Although the visual and refractive outcomes with DSEK/DSAEK are very encouraging, donor lenticule dislocation in the early postoperative period is still common with this technique. Price et al reported a donor disc dislocation rate of 14% in his first 200 cases.10 Though the exact aetiology for donor disc dislocations is not completely understood, several intraoperative techniques have been proposed to minimise this complication. Price proposed massaging the surface of the cornea and creating four mid‐peripheral corneal incisions through the recipient cornea down to the graft interface, which serves as a conduit to drain the interface fluid while a large air bubble in the anterior chamber pushes the donor disc towards the recipient stroma.10 Terry suggested intraoperative roughening of the peripheral stromal bed to improve donor disc adherence (Federated Scientific Session meeting of the Cornea Society and Eye Bank Association of America, 15 October 2005, Chicago). We herein describe a slit‐lamp technique of draining interface fluid with the aid of these drainage tracts that were prepared at the time of surgery, which we found to be effective in managing cases of complete donor dislocations following DSEK/DSAEK.
Our hospital's institutional review boards approved a clinical protocol and investigational surgical consent form for DSEK/DSAEK surgery. We prospectively recruited patients with endothelial decompensation who consented to undergo DSEK/DSAEK procedure. From January 2006 to February 2007, 40 patients had undergone DSEK/DSAEK at our institution. Preoperatively, the medical history of each patient was recorded and a complete eye examination was performed including best‐corrected visual acuity (BCVA), biomicroscopy, tonometry and a dilated fundus examination. Postoperatively, patients were seen at day one, one week, 1, 3 and 6 months and are further scheduled to be followed up at 1 year and 2 years.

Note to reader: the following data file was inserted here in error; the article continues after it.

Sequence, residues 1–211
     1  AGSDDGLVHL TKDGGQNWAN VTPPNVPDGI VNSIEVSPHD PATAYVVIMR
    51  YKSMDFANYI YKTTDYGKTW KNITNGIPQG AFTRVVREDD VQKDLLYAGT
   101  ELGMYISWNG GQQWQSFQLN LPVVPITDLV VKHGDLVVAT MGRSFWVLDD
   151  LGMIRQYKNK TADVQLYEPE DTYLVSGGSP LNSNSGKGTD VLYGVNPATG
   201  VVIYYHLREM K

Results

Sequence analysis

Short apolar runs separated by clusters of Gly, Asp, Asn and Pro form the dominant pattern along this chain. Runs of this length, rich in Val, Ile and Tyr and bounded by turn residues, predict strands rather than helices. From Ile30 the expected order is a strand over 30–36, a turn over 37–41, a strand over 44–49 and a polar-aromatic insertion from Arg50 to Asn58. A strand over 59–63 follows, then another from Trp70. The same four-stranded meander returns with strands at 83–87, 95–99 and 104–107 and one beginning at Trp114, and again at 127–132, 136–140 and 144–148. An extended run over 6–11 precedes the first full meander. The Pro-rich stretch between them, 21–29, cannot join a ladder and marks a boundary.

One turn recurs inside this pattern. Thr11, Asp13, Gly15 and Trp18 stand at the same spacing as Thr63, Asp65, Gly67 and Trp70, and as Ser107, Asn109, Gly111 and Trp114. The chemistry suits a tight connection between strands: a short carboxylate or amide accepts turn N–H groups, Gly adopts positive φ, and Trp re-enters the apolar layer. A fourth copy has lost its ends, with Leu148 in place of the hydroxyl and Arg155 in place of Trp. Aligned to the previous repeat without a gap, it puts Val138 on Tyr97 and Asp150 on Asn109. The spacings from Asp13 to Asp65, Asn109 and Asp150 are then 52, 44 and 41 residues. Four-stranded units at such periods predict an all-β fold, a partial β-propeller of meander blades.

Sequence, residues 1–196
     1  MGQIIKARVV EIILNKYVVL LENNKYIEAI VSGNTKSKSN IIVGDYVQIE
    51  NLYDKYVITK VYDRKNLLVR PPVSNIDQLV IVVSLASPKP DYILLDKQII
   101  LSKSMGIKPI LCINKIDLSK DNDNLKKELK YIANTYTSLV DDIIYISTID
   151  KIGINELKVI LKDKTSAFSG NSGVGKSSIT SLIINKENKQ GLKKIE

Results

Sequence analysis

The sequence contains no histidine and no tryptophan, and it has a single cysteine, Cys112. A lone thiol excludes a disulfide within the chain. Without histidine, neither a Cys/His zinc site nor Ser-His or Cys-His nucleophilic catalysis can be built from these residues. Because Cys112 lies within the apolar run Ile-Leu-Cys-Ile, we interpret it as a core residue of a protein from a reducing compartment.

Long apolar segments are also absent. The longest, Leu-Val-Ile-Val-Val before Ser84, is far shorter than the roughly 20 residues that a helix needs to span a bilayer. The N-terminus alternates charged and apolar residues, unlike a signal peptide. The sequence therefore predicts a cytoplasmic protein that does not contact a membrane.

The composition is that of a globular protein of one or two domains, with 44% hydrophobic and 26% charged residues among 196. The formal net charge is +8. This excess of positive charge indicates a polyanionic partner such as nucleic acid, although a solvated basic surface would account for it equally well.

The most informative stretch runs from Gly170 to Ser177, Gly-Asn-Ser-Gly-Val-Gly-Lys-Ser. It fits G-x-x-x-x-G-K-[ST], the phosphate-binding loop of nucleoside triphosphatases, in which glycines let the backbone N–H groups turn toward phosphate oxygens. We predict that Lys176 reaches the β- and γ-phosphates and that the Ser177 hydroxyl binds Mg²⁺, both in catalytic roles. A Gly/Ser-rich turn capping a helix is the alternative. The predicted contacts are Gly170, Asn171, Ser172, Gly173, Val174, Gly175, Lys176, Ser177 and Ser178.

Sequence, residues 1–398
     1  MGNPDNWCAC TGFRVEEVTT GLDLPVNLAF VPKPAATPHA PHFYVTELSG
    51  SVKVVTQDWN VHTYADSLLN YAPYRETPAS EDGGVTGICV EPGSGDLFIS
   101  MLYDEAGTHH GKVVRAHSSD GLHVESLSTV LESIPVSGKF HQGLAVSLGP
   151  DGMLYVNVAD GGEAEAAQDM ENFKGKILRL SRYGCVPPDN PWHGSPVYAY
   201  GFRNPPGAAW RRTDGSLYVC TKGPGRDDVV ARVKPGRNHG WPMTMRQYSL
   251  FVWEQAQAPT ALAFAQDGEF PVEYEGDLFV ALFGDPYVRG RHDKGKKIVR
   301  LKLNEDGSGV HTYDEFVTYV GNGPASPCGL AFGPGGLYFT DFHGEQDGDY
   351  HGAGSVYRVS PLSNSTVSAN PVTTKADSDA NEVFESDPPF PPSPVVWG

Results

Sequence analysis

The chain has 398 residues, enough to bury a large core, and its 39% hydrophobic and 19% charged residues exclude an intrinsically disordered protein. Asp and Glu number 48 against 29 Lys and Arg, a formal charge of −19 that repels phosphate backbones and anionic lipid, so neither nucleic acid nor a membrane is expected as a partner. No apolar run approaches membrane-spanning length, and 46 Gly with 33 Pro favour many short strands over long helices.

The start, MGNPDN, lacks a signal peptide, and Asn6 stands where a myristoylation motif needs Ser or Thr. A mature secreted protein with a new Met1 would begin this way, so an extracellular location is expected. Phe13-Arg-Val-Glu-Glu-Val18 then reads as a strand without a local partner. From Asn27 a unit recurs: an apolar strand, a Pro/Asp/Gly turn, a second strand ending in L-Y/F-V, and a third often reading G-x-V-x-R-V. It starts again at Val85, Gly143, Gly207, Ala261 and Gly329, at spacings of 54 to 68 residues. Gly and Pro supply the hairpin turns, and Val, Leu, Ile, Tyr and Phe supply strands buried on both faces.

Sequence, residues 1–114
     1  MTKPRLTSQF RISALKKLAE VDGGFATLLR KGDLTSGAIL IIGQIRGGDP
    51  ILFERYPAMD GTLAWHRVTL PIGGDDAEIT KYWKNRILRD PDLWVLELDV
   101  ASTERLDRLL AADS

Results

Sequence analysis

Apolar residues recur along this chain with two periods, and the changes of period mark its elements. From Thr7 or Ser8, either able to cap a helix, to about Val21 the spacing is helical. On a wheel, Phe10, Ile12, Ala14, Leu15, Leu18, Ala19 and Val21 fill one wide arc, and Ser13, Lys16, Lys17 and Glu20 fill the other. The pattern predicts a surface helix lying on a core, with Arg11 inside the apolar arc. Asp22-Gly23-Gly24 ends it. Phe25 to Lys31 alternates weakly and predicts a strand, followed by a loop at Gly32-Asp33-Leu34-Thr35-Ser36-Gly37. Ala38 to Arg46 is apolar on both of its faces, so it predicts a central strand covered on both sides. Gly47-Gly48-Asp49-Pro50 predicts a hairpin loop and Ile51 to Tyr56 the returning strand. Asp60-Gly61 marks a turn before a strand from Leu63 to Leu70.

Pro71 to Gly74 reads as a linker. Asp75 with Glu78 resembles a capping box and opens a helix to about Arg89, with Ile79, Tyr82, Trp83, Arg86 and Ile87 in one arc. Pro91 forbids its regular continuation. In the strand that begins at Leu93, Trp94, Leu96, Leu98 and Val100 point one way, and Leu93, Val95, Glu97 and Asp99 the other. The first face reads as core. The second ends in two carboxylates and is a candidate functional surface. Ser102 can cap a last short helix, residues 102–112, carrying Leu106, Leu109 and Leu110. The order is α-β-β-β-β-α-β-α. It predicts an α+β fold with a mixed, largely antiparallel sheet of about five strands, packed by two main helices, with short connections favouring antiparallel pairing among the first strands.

The operation was performed by either of the authors. Intraoperatively, the following measures were taken to promote donor disc attachment:
1. The donor corneal button in Optisol GS solution was removed from the icebox and maintained at room temperature for 30 min prior to the surgical procedure.
2. Following Descemet's stripping and before insertion of the donor disc, four mid‐peripheral full thickness drainage slits were created using an MVR blade.
3. Following the insertion and positioning of the donor disc, the anterior chamber was left completely filled with air for 10 min.
4. During this time, a drop of OVD was placed on the recipient corneal surface to protect the epithelium and a curved typing forceps was used to firmly massage the corneal surface, starting from the centre towards the periphery to aid in drainage of the interface fluid into the anterior chamber.
5. At the end of 10 min, balanced salt solution was used to decrease the size of the air bubble to approximately 9 mm and the patient was instructed to lie in a supine position for 24 h.
We did not perform Terry's intraoperative peripheral stromal roughening technique in this cohort. Five of the first 40 patients (12.5%) presented with disc dislocations on the first postoperative day. Slit‐lamp biomicroscopy showed interface fluid between the recipient stoma and the donor disc, characterised by a clear space corresponding to the entire length of the slit beam (fig 11).). The demographics of these patients are summarised in table 11..